One of my first SLR shots, taken in NYC a decade ago. The visit was a 21st Birthday celebration, alongside the gift of the camera itself. This is another scan of an original film image, EXIF data added, but no edits to the noise, scratches, etc. The trip was my compelling first connection to NYC; a city I got to return to a lot whilst studying more recently upstate. It was marked by the drifting mist and cloud in evidence in this view, which, neither undermined my engagement with the city itself nor, especially looking at this image in the years since 911, detracts from the impression it creates.
I would suggest viewing on black, despite the grain.
[From here on, I'm afraid things become a little reflective and over-wrought. It's not intended to offend, and no offence would be taken if you choose to skip it entirely.]
Having worked and studied overseas and in upstate NY, I've obviously made friends with a lot of people with far more intimate and emotional connections to 911 than I have myself. Not wanting to intrude upon or distract those far more powerful accounts, I still thought I might briefly commit some of my rememberings to this posting by way of commemoration and perspective.
On the day itself, we were living in Chipas, Mexico. In terms of timezones, this meant as we awoke the first tower was already on the news. Events unfolded as an American friend and I prepared for a morning volunteering (as English teachers) at the local orphanage. We had to leave for our teaching during the collapse. At the orphanage the kids would ask questions to get to know us, natural to them given their context, but strange to us, like; "Do you have a father/mother?" My friend's father was flying that morning, and he had been unable to contact him before we left, which gave a surreal, uneasy, yet somewhat epiphanic, edge to the morning.
Meanwhile, the close friend of another teacher in our group, was working in an upper level of the second tower. She had been unable to contact her. Understandably perhaps, to avoid panic and potential injury, after the first impact, she later found out that those working in the second had been told to remain at their desks. Her friend left her desk regardless, and, though she was still inside the tower when the second aircraft hit, she was now below the impact zone and thereby survived.
In terms of commemoration, I'd like to suggest, timidly, that one of the greatest tragedies of the day is not the tragedy of opposition - the battle between A vs B, whatever you label A or B, whichever side you take. Given subsequent conflict, right or wrong, that is how this event is often framed by the media. Rather I see it as a tragedy of those who have a side, and those who don't even know there was a battle. However the perpetrators are cast - be in political, religious, non-US extremist or US conspirator - clearly their paradigm was built on an underlying assumption of a conflict, which the victims were unaware of. If we disagree and together decide to fight one another, that is one thing. If we disagree, and I accept or am unaware of our differing thoughts, and yet you strike me down regardless, that is another, to my mind, greater tragedy.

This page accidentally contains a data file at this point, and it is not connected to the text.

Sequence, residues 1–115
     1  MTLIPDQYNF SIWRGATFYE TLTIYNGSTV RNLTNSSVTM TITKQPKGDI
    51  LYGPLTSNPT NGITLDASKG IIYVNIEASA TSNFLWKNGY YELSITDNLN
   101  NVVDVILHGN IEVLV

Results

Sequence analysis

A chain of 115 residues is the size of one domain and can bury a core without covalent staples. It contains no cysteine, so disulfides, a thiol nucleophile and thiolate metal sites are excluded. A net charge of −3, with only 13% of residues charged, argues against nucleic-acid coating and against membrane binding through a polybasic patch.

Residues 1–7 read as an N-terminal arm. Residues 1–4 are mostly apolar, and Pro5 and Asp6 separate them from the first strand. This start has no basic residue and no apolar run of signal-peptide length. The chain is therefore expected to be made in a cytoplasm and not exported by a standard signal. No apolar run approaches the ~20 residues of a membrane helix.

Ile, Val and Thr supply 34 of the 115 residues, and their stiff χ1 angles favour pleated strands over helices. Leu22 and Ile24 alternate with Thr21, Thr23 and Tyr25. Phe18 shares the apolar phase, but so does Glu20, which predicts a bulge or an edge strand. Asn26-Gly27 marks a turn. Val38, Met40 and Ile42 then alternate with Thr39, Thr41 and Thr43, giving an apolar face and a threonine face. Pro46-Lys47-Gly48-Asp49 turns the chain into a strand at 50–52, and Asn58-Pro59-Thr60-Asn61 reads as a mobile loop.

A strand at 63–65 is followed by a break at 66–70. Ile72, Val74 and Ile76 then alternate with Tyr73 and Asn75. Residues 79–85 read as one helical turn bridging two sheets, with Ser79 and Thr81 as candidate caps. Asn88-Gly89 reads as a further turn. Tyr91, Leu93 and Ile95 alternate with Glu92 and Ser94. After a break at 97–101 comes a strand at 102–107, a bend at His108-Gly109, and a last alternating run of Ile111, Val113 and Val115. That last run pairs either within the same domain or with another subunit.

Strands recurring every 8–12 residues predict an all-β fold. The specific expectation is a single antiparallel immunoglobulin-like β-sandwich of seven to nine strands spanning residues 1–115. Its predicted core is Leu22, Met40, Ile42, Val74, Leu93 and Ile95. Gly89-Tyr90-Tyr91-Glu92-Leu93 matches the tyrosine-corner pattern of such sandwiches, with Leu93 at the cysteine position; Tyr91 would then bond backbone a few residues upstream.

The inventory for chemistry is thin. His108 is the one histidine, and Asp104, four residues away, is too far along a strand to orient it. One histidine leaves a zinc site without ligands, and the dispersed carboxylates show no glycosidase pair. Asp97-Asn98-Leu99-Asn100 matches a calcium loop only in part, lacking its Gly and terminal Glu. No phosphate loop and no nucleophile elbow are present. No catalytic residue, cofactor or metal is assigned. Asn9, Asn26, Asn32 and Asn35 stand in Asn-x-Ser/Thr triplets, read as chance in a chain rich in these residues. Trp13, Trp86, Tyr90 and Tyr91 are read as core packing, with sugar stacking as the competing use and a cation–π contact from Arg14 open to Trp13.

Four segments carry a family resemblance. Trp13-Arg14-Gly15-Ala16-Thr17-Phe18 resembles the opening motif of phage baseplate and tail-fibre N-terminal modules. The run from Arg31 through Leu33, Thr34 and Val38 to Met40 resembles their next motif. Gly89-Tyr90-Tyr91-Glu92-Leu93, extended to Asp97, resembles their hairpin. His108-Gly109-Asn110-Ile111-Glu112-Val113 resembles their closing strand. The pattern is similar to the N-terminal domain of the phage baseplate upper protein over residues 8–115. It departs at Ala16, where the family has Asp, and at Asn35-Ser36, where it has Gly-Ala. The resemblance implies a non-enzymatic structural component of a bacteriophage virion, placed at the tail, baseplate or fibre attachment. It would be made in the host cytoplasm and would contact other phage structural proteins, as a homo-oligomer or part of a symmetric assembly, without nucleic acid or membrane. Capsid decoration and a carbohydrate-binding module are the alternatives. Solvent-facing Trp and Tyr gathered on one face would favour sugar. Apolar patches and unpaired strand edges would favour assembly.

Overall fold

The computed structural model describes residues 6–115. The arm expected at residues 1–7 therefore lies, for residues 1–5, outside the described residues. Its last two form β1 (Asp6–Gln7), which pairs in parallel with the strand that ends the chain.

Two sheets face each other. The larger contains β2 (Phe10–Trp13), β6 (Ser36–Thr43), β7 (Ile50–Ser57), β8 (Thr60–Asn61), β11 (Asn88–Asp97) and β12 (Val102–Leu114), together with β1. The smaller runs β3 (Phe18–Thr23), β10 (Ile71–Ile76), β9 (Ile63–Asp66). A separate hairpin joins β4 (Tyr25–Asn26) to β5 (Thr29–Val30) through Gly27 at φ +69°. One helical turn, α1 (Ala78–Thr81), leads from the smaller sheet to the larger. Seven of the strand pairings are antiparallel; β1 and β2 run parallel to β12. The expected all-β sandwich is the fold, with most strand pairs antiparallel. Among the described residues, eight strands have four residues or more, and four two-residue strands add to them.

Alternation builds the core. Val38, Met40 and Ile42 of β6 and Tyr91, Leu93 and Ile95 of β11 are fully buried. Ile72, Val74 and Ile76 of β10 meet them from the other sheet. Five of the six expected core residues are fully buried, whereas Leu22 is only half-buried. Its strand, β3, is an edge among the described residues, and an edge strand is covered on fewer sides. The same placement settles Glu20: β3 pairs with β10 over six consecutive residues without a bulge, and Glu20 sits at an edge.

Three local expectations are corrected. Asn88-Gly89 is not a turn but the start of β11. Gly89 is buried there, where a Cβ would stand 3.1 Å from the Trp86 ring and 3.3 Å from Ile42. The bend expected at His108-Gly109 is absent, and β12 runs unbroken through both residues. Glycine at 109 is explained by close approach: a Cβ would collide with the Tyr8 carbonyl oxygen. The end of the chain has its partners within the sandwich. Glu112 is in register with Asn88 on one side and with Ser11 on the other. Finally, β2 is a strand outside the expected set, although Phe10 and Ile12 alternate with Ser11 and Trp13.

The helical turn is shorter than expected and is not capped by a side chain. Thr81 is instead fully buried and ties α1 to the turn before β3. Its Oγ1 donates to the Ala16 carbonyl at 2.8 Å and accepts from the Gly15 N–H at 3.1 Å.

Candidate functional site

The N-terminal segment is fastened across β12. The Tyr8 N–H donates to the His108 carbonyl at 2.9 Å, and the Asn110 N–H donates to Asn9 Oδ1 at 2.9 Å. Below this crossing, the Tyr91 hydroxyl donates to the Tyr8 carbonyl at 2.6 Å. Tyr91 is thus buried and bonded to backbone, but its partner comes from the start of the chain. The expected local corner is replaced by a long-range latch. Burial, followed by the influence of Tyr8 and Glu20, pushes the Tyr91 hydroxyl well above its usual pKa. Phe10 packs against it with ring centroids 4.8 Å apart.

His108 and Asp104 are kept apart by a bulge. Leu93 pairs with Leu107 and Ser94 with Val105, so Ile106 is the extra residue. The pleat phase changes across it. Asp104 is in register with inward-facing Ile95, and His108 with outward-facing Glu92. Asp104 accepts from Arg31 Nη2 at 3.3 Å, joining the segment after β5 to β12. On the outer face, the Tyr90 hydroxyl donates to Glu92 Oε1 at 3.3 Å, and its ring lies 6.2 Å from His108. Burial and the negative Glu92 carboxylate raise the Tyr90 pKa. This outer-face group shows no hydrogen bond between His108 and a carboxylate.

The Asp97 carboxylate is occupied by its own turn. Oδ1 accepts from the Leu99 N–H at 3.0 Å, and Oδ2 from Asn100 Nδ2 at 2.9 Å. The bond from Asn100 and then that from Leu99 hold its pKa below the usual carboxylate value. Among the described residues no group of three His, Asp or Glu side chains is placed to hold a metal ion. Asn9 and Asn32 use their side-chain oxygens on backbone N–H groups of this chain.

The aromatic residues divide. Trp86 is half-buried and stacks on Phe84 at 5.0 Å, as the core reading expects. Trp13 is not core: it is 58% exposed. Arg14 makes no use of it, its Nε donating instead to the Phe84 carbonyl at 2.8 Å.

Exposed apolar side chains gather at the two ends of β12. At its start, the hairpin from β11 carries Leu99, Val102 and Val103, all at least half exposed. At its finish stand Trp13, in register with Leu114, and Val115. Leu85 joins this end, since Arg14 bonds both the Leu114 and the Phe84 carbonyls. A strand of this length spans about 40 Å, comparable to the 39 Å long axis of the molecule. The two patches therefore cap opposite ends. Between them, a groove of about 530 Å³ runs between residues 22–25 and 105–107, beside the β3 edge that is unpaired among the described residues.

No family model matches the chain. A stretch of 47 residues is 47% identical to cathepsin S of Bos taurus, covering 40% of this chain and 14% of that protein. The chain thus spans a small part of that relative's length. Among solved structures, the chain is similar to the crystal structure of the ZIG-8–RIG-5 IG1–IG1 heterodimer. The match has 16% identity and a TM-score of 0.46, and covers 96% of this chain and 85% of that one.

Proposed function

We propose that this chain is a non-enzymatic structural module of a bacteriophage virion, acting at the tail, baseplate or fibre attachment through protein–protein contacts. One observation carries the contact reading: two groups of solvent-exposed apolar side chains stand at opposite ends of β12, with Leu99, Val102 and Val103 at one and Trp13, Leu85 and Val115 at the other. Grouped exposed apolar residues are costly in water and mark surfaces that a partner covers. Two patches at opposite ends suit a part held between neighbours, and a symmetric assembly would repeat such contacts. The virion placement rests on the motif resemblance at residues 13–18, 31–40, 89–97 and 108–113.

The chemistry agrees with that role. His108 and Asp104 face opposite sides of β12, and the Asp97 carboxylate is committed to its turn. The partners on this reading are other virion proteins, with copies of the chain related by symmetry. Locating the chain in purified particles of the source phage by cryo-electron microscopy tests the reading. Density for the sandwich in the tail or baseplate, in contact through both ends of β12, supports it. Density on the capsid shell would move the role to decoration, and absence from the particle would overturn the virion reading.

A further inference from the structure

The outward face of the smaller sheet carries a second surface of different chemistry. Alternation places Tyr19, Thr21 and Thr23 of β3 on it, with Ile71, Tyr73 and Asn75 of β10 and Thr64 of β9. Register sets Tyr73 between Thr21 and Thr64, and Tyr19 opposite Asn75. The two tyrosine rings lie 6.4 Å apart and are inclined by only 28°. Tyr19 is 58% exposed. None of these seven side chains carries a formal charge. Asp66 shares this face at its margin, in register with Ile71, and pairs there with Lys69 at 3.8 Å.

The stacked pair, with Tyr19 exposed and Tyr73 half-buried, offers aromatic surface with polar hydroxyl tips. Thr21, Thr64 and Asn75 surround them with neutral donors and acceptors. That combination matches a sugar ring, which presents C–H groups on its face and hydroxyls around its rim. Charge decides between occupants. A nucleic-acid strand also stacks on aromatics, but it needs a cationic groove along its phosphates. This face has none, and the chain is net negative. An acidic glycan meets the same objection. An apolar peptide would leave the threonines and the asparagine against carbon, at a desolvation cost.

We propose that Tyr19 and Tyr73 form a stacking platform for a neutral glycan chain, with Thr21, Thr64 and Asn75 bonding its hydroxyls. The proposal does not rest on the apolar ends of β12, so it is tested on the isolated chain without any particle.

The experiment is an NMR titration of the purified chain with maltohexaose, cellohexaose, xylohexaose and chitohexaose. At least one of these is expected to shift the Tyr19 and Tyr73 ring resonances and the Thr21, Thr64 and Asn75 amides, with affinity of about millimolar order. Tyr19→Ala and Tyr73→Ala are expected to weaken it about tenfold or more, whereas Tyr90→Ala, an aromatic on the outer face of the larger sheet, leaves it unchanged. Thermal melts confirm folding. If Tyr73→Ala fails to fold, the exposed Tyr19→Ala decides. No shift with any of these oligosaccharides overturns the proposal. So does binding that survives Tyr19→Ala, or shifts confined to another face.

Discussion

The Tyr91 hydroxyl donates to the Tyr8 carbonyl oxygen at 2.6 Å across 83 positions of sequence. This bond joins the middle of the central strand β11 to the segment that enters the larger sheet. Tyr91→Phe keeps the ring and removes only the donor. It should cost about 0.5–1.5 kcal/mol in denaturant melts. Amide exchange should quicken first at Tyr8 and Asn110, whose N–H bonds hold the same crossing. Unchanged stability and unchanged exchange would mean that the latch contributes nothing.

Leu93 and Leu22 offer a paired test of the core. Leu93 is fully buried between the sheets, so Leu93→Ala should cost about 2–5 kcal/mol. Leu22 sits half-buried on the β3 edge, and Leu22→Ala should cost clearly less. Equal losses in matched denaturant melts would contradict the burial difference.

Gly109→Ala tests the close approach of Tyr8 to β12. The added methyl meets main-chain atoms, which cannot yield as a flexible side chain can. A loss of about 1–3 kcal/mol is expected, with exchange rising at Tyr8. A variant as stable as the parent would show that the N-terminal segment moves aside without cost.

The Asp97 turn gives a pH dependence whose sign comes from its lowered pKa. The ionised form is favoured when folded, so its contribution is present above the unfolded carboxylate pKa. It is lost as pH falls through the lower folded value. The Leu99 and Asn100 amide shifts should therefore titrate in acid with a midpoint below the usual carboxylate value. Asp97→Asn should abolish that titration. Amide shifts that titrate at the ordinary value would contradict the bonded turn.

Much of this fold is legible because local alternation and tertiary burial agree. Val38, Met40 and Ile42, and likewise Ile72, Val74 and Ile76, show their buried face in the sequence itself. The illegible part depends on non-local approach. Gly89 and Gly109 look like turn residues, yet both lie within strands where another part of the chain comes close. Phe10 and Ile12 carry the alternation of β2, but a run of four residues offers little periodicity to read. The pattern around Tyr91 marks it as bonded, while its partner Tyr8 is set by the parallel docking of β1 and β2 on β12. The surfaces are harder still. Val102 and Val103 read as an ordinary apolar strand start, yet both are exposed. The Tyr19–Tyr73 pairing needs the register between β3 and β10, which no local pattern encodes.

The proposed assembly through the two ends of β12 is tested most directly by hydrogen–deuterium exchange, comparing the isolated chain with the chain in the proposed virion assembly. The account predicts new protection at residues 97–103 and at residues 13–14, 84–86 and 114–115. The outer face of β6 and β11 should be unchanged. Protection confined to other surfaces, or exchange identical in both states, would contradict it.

I do hope these notes don't trivialise the event or offend anyone. It's just a record of a couple of stories and the musings that flowed from them. It's not meant as anything more. One thing my scanning of these old film prints has reminded me of is the power of a photograph to commemorate meaning over time. Flickr is chiefly a celebration of the present; of the frenetic energy of now and today. Perhaps one aspect of photography it overlooks is the longer term view. It's the difference between seeing the noise of everything, and stripping that noise away to leave the transcendent moment alone. Both interesting angles, but the latter inevitably absent from this medium, perhaps.
So that's probably quite enough introspection and philosophical declamation for the next few months. I hope you're all very well and have survived my ramble if you were generous enough to follow it. Have a superb week all.